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Marshall Valvestate 8100

Started by Hawk, March 13, 2015, 01:53:11 PM

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Roly

Quote from: HawkI'll soon discover what I can and can't do with amps

One of the great joys of my life is opening things that were never intended to be opened, generally while repairing something that was never intended to be repaired.

I fancy that I can hear, somewhere far across a distant sea, some dude in a suit yelling in pain "You're killing me here!  THROW IT OUT!  BUY A NEW ONE!  MAKE ME RICH!".  And I thumb my nose - I'm on the side of the planet here; repair, reuse, recycle.   :dbtu:


Quote from: Hawkthen I played my guitar and measured the voltage across the resistor and measured it referenced to ground

The voltage across the emitter resistor is a proxy for the current passing through it and the transistor.  The voltage to ground is effectively the output voltage, whichever side of the emitter resistor you measure it.

We basically have two situations, static or idle where all the voltages and currents are steady and a multimeter is the most suitable measuring instrument; and dynamic or being driven with signal when the CRO is really a more suitable instrument than a multimeter.


Here are two popular forms of output stage current limiting;

(Note that the output stage consists only of Q2 and the 0.2r emitter resistor, everything else is protection).

Like Enzo, to me that discussion looks like determining at what current the protection would cut in.

To find the ballpark: assuming a 50W amp with +/-35V rails into an 8 ohm load.  Now we know all these numbers are rubbery and subject to a lot of "yeah, but...", however to a first approximation we can estimate the (lossless) peak output current to be;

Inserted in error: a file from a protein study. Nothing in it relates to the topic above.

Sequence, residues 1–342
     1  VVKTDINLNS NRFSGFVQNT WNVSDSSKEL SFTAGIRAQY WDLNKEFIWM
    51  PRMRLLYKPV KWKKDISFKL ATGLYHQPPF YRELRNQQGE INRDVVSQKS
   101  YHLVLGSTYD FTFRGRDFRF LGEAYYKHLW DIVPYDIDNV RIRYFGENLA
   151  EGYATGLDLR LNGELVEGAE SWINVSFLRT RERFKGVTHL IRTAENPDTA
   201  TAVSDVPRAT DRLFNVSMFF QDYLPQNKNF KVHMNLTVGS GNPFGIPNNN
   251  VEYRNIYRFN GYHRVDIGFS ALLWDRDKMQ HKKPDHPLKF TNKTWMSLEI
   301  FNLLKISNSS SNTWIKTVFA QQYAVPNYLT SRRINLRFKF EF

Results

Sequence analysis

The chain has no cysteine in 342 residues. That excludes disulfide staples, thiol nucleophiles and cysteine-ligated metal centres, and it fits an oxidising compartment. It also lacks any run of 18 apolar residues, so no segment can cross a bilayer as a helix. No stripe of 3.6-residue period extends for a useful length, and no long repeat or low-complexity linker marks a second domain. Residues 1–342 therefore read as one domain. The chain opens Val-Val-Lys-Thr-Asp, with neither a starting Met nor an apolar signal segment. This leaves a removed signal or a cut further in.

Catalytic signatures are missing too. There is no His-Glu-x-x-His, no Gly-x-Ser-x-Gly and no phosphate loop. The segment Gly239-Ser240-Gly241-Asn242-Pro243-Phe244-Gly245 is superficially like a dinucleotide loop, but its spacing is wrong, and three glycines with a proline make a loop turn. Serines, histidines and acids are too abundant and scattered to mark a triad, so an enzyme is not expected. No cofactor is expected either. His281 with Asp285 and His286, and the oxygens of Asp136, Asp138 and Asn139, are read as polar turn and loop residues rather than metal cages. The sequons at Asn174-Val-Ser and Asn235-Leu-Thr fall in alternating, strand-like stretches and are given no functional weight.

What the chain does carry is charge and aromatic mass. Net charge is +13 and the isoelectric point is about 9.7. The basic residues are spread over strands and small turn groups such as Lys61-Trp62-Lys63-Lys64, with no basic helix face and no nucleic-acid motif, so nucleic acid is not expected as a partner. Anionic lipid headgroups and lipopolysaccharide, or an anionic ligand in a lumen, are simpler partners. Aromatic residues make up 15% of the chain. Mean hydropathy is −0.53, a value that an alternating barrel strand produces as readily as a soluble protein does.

I = Vrail/Rload

35/8 = 4.375 amps peak.  This is the minimum must-not-operate current because it is within specs.

A typical emitter resistor is 0.22 ohms, so the resulting peak voltage across the emitter resistor will be;

E = Ipk * Re

4.375 * 0.22 = 0.96 volts peak (or not quite a volt peak).

Now as Enzo said, the "given" value for the Base-Emitter cut-in voltage for a silicone transistor is "0.6V" (+/-0.1V in reality).  If we simply connected the protection transistor Base to the emitter resistor it would start to conduct (and clamp the drive into the power transistor) too early, limiting output peaks that are within ratings.  We actually want it to limit for some current above the allowable peak of 4.375 amps, and this might represent a voltage almost double, say 1.0 to 1.2 volts, and this is where the (roughly 2:1) divider across the emitter resistor comes in.

The question being addressed in the other forum is, "at what current does this circuit actually limit?" and the currents quoted look to be just about what I would expect;

QuoteIt will result in 1.92 volts across R118 , this will give a limit of 1.92 / 0.33 = 5.82 A
For R96 it will result in 2.14 Volts , this will give a limit of 2.14 / 0.33 = 6.48 A.

So the +ve and -ve peak current limits are a bit different, but outside the normal working peak current of 4.375 A, and still well within the capabilities of modern transistors.  What has been prevented is that very high current spike, tens of amps when the output gets shorted under full drive, that kills the output transistors.

So this is worked backwards, starting with the Vbe ("0.6V" nominal) of the protection transistor, multiplied by the resistive divider, giving a trigger voltage across the emitter resistor, and finally the current for that trigger voltage.


The only time there should be any activity in these protection circuits is when the amp is being driven into a load of lower resistance than it was designed to tolerate, e.g. a 4 ohm cab on an 8 ohm minimum.